One of the best practices you can implement is a vendor risk management committee.
This is a dedicated team with senior management represented.
The committee is tasked with dealing with potential and existing vendors.
8. Communicate constantly
The most important thing is to communicate with your vendors.
Don’t assume they know what you expect from them.
Communication can reduce misunderstanding and allow you to proactively address issues before they become security incidents.
9. How UpGuard can help scale your vendor risk management program
Companies like Intercontinental Exchange, Taylor Fry, The New York Stock Exchange, IAG, First State Super, Akamai, Morningstar and NASA use UpGuard to protect their data, prevent data breaches, monitor for vulnerabilities and avoid malware.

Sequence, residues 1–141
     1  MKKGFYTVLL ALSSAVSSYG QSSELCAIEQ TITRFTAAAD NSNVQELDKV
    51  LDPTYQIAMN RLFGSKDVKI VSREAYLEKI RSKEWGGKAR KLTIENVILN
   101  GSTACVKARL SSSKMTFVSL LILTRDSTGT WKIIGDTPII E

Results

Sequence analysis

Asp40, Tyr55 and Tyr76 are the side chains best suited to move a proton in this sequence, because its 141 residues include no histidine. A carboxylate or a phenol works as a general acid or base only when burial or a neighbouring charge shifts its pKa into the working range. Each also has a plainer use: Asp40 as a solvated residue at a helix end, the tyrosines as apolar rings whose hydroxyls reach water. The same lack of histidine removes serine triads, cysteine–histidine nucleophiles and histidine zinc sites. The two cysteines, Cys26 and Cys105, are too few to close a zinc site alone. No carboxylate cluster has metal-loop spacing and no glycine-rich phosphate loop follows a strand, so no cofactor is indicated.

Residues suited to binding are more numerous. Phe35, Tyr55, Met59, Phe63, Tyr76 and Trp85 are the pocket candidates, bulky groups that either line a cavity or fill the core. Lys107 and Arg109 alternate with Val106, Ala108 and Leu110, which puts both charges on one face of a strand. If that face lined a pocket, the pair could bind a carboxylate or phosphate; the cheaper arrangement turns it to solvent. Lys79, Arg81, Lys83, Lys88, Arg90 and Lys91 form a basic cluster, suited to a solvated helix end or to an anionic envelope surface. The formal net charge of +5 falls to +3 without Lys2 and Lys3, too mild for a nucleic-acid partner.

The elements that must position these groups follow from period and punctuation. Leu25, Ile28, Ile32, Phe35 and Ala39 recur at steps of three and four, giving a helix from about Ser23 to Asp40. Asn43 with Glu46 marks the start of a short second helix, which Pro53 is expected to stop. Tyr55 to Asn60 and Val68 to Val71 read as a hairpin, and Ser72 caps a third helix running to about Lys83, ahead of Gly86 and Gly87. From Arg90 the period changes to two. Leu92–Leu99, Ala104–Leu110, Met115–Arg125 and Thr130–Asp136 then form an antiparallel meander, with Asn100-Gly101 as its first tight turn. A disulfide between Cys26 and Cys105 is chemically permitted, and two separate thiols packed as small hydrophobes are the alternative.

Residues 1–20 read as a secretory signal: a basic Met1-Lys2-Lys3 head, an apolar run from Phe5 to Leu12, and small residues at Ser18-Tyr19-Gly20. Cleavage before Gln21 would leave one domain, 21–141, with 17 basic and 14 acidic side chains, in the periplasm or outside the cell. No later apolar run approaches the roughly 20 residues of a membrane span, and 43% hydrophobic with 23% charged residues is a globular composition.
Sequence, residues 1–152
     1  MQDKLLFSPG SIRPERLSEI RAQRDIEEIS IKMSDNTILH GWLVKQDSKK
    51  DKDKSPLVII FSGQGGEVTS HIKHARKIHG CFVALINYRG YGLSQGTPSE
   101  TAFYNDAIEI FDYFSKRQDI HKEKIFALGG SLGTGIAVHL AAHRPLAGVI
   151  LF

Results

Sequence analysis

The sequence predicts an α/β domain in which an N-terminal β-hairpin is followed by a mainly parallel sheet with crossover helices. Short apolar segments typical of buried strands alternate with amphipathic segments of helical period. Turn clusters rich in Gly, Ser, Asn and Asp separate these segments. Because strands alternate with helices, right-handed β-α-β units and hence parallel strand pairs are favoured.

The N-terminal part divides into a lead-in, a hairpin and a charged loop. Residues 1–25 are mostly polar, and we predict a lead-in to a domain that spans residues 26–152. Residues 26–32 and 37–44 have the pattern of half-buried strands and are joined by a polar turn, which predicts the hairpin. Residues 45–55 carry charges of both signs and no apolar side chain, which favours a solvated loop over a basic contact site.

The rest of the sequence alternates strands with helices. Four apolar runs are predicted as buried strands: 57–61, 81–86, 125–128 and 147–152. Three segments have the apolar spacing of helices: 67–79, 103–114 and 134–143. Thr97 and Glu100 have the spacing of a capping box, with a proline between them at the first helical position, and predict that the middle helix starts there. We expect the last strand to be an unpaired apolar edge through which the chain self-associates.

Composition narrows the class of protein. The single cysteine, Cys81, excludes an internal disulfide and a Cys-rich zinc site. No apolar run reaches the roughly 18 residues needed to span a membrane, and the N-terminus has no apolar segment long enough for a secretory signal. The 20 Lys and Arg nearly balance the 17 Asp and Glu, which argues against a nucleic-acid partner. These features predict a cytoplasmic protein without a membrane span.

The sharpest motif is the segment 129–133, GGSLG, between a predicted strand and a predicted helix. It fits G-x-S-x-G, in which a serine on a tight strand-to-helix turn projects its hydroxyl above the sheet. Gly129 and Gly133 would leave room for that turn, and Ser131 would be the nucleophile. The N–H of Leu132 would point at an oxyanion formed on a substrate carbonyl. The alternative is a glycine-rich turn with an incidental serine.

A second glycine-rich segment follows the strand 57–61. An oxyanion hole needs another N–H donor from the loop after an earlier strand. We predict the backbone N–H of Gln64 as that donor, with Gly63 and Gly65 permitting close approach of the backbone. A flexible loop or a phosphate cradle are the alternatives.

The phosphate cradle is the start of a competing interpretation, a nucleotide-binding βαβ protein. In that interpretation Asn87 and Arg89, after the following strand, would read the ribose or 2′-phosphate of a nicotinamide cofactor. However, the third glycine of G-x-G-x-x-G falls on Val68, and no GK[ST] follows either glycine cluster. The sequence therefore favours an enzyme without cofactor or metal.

UpGuard Vendor Risk can minimize the amount of time your organization spends managing third-party relationships by automating vendor questionnaires and providing vendor questionnaire templates that map to the NIST Cybersecurity Framework and other best practices. We can help you continuously monitoring your vendors’ security posture over time while benchmarking them against their industry.
UpGuard BreachSight can help monitor for DMARC, combat typosquatting, prevent data breaches and data leaks, avoiding regulatory fines and protecting your customer’s trust through cyber security ratings and continuous exposure detection.
If you’d like to see how your organization stacks up, get your free Cyber Security Rating.
Originally published at https://www.upguard.com.